Sewage line repaired by GRU after leak into local creeks

Workers with GRU spray water onto SW 2nd Ave from a UF golf course maintenance area near SW 34th Street after a sewage spill in the area in Gainesville, Saturday July 27, 2013. The leak in a sewage line was compounded with a malfunction of a valve that caused a large spill of sewage that began Friday morning and was not sealed up until early Saturday evening. The water was to help with washing the sewage down the local creeks.

Brad McClenny/Staff photographer
Published: Sunday, July 28, 2013 at 6:20 p.m.
Last Modified: Sunday, July 28, 2013 at 6:20 p.m.

Gainesville Regional Utilities completed repairs to a broken sewage line late Saturday, after officials say more than 400,000 gallons of wastewater were released into the Hogtown and Possum creeks.

The main sewage line was repaired around 9 p.m. Saturday, said GRU senior environmental engineer Tony Cunningham.

The leak was first discovered Friday morning around 9:30 a.m. when a small amount of wastewater was seen on the ground, Cunningham said.

Though the sewage water is no longer spewing into Hogtown or Possum creeks, residents are advised to continue to avoid contact with Hogtown Creek west of 34th Street and south of University Avenue and Possum Creek until further notice.

GRU said Saturday that city water is safe to drink.

About 20,000 customers in Gainesville initially were asked to limit the use of toilets, washing machines, dishwashers and other household tasks that require water.

The Alachua County Health Department issued boil water notices to about 20 customers who have drinking water wells in a small area near Haile Sink, Cunningham said.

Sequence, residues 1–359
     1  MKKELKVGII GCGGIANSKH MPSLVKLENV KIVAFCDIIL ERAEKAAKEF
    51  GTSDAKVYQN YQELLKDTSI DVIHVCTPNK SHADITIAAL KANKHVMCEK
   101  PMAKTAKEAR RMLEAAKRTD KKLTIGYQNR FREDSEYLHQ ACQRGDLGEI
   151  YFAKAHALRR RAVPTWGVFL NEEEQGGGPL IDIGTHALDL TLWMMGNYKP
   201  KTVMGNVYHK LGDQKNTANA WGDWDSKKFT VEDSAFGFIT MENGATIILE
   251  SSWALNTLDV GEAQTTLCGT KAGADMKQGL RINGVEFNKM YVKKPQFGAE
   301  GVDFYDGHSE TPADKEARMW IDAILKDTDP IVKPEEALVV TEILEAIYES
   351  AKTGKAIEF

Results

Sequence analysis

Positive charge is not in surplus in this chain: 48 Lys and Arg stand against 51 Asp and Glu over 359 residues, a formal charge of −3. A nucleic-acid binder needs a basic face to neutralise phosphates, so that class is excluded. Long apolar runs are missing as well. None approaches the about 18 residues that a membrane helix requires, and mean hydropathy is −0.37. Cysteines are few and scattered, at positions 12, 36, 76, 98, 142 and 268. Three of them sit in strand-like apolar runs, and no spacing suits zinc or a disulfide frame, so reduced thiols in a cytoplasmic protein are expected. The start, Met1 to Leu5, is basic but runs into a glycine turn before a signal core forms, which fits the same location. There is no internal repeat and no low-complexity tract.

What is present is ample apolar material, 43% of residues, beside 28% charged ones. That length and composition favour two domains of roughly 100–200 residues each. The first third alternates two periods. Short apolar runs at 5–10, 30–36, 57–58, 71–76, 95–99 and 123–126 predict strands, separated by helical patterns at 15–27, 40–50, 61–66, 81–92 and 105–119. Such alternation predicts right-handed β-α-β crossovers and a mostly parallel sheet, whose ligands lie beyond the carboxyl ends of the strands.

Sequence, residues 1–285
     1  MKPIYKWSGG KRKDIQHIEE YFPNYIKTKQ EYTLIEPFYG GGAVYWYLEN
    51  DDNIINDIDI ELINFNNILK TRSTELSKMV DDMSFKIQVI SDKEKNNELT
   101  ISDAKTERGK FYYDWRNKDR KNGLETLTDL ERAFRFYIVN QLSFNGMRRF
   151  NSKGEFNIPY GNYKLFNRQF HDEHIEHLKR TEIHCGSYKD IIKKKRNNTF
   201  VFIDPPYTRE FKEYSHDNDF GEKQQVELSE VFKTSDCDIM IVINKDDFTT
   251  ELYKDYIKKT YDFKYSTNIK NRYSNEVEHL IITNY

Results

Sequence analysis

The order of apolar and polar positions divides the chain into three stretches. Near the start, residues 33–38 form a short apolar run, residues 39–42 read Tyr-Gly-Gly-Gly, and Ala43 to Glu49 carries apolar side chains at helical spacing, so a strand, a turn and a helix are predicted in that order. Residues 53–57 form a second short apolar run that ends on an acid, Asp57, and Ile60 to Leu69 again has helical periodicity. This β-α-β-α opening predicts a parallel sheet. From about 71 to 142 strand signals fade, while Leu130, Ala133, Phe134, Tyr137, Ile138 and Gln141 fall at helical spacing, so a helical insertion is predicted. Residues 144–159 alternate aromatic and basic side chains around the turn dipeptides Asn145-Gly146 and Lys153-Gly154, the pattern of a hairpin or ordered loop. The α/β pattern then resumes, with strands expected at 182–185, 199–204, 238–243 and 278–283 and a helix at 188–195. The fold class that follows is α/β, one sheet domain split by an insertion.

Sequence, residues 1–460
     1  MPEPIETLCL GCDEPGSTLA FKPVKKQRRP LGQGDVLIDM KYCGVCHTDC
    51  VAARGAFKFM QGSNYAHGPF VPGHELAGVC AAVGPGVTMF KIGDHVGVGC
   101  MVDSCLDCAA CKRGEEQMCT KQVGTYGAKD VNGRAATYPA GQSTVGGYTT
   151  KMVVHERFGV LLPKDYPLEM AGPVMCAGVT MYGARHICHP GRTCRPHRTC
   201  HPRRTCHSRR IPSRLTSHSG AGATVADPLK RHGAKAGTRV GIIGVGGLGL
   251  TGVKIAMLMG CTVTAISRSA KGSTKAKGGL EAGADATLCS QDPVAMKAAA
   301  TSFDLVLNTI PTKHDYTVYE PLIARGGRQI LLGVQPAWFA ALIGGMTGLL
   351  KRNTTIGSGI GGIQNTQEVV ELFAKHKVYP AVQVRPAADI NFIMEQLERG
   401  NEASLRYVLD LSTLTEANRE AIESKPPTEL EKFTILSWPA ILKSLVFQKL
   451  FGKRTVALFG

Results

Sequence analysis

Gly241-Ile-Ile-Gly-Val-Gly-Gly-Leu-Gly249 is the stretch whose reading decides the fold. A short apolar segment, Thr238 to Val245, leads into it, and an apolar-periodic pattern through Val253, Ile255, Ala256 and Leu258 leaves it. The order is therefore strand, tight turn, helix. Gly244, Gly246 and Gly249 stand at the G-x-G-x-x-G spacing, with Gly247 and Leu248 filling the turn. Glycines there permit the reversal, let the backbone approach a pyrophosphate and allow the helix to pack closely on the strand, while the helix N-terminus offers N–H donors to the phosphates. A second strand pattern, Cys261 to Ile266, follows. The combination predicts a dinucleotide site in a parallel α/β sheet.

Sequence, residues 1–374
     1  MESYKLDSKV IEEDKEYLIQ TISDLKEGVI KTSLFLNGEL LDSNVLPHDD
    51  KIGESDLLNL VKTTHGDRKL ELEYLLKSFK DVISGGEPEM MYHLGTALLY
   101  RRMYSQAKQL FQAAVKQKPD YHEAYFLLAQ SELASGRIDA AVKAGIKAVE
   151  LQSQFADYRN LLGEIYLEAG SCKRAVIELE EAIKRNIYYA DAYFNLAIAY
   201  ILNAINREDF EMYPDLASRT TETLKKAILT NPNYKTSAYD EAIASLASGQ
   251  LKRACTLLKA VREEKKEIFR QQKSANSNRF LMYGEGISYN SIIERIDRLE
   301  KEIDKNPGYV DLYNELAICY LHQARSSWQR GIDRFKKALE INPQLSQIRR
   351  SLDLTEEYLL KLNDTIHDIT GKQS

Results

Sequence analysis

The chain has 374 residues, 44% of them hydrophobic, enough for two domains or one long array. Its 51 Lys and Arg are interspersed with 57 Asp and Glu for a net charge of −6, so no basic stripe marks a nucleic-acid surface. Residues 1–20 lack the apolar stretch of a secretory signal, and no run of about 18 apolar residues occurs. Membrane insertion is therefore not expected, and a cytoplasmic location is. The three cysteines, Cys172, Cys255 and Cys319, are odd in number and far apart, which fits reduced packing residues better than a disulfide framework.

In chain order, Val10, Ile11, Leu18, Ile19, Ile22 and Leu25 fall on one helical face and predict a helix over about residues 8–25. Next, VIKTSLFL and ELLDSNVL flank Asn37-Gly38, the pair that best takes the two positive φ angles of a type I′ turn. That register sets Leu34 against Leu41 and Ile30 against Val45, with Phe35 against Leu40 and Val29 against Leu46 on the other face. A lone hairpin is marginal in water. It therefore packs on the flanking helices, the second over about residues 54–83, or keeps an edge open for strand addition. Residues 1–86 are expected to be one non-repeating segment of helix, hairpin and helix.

"It's a very, very small number of individuals and they were all contacted directly by the Health Department," Cunningham said.

Residents who were previously contacted by the Health Department with boil water notices should continue to boil water or drink bottled water until further notice to avoid ingesting potentially harmful bacteria, according to Chris Bird, director of the Alachua County Environmental Protection Department.

The area is near Haile Sink, where Hogtown Creek flows into the ground. The sewage will eventually make its way into the aquifer, officials said.

Bird said Saturday the effect on local ecosystems could be lessened because of the recent rain.

"It may take several days for it to actually move through the aquifer," he said Sunday.

Details on creek contamination are expected to surface later this week, according to GRU. In the meantime, warning signs will remain posted at Hogtown and Possum creeks until samples show that water is no longer impacted from the spill.

Bird said residents should continue to avoid skin contact with the creeks, especially if the water appears to be murky.

The sewage line began to leak after a joint in the 36-inch main broke south of the University Golf Course and east of 34th Street. The leak was exacerbated when a valve broke during repairs to the 9-year-old main line on Saturday.

GRU cut off lines feeding the main and diverted the sewage stream into Possum Creek to avoid wastewater backing up into toilets during repairs.

Cunningham said GRU is not sure exactly how many gallons of wastewater were released into Hogtown and Possum creeks, but a more accurate estimate is expected later in the week.

"We have identified the leak, we have worked really hard the last couple of days to get to it," Cunningham said.

Cunningham credits GRU employees, regulatory agencies, local contractors and customers who were advised to use less water as key components in the process of repairing the sewage line.

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